B. The McDonald's Ground Lease

         On September 12, 2012, Farmington-Girard and McDonald's USA, LLC (“McDonald's”) executed a letter of intent to enter into a ground lease[2] for 510 Farmington Avenue, subject to a zoning contingency to allow for the construction of a McDonald's restaurant on the property. (Am. Compl. ¶ 28.) Despite various zoning changes discussed below, Farmington-Girard and McDonald's continued to negotiate and executed a final ground lease for the development of a McDonald's restaurant with drive-through window service at 510 Farmington Avenue on August 21, 2013. (Am. Compl. ¶¶ 29, 36, 37.) The ground lease was subject to a contingency that McDonald's secure land use approvals to allow the construction of a McDonald's restaurant with drive-thru window service. (Am. Compl. ¶ 37.) The ground lease had a limited period for satisfaction of the contingency, which the parties later extended through November 15, 2013, and ultimately, through February 20, 2015. (Am. Compl. ¶¶ 38, 43.)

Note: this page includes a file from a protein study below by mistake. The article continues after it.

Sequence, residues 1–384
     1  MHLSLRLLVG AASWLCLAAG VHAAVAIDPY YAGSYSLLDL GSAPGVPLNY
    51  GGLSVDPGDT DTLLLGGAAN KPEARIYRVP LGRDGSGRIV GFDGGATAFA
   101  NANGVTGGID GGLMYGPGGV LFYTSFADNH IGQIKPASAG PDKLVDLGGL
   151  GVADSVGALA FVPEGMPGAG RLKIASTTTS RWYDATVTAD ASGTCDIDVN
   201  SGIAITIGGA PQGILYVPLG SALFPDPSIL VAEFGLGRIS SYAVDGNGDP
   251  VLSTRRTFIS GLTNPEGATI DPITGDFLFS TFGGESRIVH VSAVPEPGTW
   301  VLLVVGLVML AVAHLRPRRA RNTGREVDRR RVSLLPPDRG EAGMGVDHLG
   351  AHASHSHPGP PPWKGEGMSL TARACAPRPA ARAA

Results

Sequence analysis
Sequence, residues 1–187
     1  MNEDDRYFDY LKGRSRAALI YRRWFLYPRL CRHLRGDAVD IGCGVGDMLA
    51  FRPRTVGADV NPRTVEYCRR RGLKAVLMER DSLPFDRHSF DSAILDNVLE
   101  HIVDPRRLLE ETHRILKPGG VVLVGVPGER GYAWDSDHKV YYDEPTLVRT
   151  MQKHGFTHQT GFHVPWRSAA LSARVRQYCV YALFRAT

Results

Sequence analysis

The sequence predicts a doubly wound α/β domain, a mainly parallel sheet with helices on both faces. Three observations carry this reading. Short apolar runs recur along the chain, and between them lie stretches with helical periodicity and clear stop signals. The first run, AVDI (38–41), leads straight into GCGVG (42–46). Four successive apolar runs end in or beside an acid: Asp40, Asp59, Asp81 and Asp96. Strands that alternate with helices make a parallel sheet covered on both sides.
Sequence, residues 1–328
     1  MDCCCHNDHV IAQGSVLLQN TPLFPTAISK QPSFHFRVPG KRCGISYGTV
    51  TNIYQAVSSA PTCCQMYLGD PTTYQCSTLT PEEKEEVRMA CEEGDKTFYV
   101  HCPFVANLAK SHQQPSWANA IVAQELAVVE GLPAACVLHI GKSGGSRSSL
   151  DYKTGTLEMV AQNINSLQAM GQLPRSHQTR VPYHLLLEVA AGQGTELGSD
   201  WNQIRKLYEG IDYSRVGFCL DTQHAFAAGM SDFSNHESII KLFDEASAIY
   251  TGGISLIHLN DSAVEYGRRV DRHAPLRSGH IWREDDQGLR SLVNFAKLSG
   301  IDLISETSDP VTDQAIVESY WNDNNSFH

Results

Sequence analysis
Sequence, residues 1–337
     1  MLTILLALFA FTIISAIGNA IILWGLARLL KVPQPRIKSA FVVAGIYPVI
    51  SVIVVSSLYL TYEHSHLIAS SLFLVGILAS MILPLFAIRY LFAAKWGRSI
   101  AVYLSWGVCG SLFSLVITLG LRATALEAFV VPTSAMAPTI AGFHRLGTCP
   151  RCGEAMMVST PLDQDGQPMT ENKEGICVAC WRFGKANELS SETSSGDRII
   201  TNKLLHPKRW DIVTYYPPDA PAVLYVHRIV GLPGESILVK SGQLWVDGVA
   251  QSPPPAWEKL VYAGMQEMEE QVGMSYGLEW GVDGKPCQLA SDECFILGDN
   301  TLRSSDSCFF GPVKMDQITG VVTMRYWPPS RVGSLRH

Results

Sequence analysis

On February 20, 2015, the ground lease expired, and because of the PZC's efforts to block the development described below, McDonald's halted its pursuit of 510 Farmington Avenue. (Am. Compl. ¶ 78.)

         C. PZC's Zoning Changes & Denial of Farmington-Girard's Application

         Beginning in 2012, PZC purported to make extensive changes to the zoning and use rules affecting 510 Farmington Avenue and took other actions to prevent the development of a fast food restaurant with a drive-though window.

         1. Farmington-Girard's December 10, 2012 Application & Response